Case in point: the researchers who found that by analyzing the mood of twitter — a set of six emotions and their opposites — they could, with stunning reliability, predict daily ups and downs in the Dow index. Not surprisingly, their formulae are now the basis of a hedge fund. Someone found value in the supposedly worthless blathering about our lives. I would not be surprised if others find the same value and neutralize the researchers’ advantage or even if clever spammers find ways to game the mood on Twitter. But the moral of the story remains: there is value to be found in this data, value in our newfound publicness.

Google’s founders have urged government regulators not to require them to quickly delete searches because, in their patterns and anomalies, they have found the ability to track the outbreak of the flu before health officials could and they believe that by similarly tracking a pandemic, millions of lives could be saved.

Demonizing data, big or small, is demonizing knowledge and that is never wise.

* Survey on games: By 2020, gamification (the use of game mechanics, feedback loops, and rewards to spur interaction and boost engagement, loyalty, fun and/or learning) will not be implemented in most everyday digital activities for most people. While game use and game-like structures will remain an important segment of the communications scene and will have been adopted in new ways, the gamification of other aspects of communications will not really have advanced much beyond being an interesting development implemented occasionally by some segments of the population in some circumstances.

By 2020, there will have been significant advances in the adoption and use of gamification. It will be making waves on the communications scene and will have been implemented in many new ways for education, health, work, and other aspects of human connection and it will play a role in the everyday activities of many of the people who are actively using communications networks in their daily lives.

Me: I think gamification is overblown, but that could simply be because I am not a gamer. Angry Birds was fun while it lasted, but it didn’t change my life.

* Survey on connected homes: By 2020, the connected household has become a model of efficiency, as people are able to manage consumption of resources (electricity, water, food, even bandwidth) in ways that place less of a burden on the environment while saving households money. Thanks to what is known as “Smart Systems,” the “Home of the Future” that has often been foretold is coming closer and closer to becoming a reality.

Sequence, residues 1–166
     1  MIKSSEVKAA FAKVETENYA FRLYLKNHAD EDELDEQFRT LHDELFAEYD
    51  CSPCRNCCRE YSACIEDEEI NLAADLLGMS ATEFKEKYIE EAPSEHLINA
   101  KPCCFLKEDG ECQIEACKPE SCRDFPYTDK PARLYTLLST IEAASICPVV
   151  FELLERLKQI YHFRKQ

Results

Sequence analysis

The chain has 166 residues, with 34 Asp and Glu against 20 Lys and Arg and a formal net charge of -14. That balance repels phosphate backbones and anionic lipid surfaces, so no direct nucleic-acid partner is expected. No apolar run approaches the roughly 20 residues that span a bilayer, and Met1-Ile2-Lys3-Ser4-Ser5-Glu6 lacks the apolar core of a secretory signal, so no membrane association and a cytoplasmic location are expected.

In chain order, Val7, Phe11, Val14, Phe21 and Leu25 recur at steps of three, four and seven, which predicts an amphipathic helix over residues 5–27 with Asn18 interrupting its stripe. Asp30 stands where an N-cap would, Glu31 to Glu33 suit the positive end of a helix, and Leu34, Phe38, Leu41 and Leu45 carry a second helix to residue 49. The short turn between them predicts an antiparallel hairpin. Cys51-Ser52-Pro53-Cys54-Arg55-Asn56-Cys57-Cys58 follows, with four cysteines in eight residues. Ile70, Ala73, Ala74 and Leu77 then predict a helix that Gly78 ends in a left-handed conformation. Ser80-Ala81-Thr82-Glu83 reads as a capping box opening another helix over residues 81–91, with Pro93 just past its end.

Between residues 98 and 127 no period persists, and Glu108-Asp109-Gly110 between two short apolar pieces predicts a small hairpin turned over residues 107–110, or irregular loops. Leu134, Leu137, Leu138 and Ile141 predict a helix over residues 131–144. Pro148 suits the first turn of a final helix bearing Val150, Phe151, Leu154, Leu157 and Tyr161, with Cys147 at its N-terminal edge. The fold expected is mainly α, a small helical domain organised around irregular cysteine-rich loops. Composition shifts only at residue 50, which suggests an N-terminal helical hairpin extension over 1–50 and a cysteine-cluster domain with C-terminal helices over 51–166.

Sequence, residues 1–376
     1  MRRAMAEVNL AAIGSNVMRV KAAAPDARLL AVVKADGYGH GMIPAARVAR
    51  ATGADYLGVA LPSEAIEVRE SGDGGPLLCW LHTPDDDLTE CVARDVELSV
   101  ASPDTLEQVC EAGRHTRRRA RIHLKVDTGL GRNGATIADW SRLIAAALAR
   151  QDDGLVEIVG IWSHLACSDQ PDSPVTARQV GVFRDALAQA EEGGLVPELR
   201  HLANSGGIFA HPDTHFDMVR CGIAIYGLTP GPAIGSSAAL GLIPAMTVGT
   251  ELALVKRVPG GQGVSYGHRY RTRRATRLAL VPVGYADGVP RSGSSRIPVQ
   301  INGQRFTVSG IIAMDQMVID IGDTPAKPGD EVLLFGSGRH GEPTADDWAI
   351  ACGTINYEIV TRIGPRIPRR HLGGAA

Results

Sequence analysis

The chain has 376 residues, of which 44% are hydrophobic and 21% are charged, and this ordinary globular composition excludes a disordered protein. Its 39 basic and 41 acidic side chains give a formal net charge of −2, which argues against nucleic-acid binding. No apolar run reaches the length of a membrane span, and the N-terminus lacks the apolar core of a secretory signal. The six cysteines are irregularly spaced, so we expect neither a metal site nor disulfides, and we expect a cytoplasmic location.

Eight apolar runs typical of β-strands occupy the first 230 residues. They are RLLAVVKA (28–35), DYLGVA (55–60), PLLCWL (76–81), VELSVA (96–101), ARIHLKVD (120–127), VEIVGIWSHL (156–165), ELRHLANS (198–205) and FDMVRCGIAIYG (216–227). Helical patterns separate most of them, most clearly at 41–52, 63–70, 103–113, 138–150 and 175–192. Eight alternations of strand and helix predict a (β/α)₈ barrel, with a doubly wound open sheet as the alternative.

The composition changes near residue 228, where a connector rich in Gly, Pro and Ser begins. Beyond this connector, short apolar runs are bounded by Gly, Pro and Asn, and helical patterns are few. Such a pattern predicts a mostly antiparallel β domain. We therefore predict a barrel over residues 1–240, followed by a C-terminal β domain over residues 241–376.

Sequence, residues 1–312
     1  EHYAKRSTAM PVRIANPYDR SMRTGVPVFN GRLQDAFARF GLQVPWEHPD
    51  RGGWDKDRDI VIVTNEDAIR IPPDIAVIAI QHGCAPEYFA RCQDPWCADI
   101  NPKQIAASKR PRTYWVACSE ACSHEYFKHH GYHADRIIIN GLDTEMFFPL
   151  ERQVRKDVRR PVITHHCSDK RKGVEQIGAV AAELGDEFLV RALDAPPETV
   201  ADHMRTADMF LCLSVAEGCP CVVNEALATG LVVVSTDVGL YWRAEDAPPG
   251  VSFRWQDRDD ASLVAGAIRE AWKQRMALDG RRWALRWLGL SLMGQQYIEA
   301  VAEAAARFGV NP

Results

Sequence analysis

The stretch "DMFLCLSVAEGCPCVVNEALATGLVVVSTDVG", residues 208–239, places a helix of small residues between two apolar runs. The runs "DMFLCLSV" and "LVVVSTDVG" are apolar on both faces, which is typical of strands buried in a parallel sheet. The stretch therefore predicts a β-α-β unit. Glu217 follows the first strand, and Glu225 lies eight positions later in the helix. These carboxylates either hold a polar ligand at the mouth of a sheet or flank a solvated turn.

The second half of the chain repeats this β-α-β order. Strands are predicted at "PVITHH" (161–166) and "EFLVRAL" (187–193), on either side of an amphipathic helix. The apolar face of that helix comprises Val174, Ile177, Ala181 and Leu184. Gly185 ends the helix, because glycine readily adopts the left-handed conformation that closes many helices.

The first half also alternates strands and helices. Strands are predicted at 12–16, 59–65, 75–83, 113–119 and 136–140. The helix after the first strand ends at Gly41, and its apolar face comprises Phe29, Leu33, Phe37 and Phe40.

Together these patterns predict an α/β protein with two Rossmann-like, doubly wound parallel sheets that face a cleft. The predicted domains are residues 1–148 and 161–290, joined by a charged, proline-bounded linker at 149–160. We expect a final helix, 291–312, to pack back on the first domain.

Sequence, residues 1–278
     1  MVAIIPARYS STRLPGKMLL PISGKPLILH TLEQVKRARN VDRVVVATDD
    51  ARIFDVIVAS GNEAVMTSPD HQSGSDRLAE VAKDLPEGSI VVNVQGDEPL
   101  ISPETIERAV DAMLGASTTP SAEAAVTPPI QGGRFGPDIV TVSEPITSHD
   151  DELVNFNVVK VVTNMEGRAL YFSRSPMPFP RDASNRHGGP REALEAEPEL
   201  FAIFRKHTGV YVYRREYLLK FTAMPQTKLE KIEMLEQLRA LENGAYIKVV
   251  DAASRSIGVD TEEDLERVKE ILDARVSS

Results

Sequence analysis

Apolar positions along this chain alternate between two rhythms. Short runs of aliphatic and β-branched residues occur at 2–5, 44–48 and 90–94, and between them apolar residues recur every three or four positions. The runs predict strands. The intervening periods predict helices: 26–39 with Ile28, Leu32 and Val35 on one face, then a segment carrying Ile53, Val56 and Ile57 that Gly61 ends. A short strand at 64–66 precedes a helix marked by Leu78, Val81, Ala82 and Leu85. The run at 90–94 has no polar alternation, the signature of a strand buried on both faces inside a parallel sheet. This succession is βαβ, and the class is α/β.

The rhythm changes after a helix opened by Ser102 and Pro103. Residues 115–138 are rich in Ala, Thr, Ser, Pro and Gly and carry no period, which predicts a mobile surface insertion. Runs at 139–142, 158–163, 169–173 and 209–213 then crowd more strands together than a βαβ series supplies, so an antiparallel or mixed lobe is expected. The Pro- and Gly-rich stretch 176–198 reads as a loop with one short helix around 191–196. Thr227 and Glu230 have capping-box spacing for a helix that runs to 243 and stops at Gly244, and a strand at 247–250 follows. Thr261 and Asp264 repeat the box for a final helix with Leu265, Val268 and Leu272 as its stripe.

By 2020, most initiatives to embed IP-enabled devices in the home have failed due to difficulties in gaining consumer trust and because of the complexities in using new services. As a result, the home of 2020 looks about the same as the home of 2011 in terms of resource consumption and management.Once again, the “Home of the Future” does not come to resemble the future projected in the recent past.

Me: Complexity is a solvable problem in the right hands. We should wish for the iHome from Apple. Connectivity will lead to efficiency when economics dictate: when we save a lot of money with our air-conditioning or when we are penalized for not doing so or when we penalize cable companies for the power-hogging boxes.

Survey on freedom: In 2020, technology firms with their headquarters in democratic countries will be expected to abide by a set of norms – for instance, the “Responsibility to Protect” (R2P) citizens being attacked or challenged by their governments. In this world, for instance, a Western telecommunications firm would not be able to selectively monitor or block the Internet activity of protestors at the behest of an authoritarian government without significant penalties in other markets.

In 2020, technology firms headquartered in democratic countries will have taken steps to minimize their usefulness as tools for political organizing by dissidents. They will reason that too much association with sensitive activities will put them in disfavor with autocratic governments. Indeed, in this world, commercial firms derive significant income from filtering and editing their services on behalf of the world’s authoritarian regimes.

Me: Pardon me for the plug, but this is in the end the point of my next book, Public Parts: It is a call for us to protect our tools of publicness. At the e-G8, I urged President Sarkozy to join with the national leaders he was about to meet and take a Hippocratic oath for the internet: first do no harm. His reflex and that of governments is to control and regulate. We, the citizens of the net, must resist and I believe the way to do that is to discuss the principles of the network. In the book, I propose a set of principles. They are wrong. Indeed, in our distributed internet, we will never — we should never — end up with one set of principles from one governance. The fact that no one can control the net is what makes the net free. But we do need to discuss the principles that underly our net so we can point to them when governments and companies violate them and so we can give cover to good actors who try to resist control from bad governments.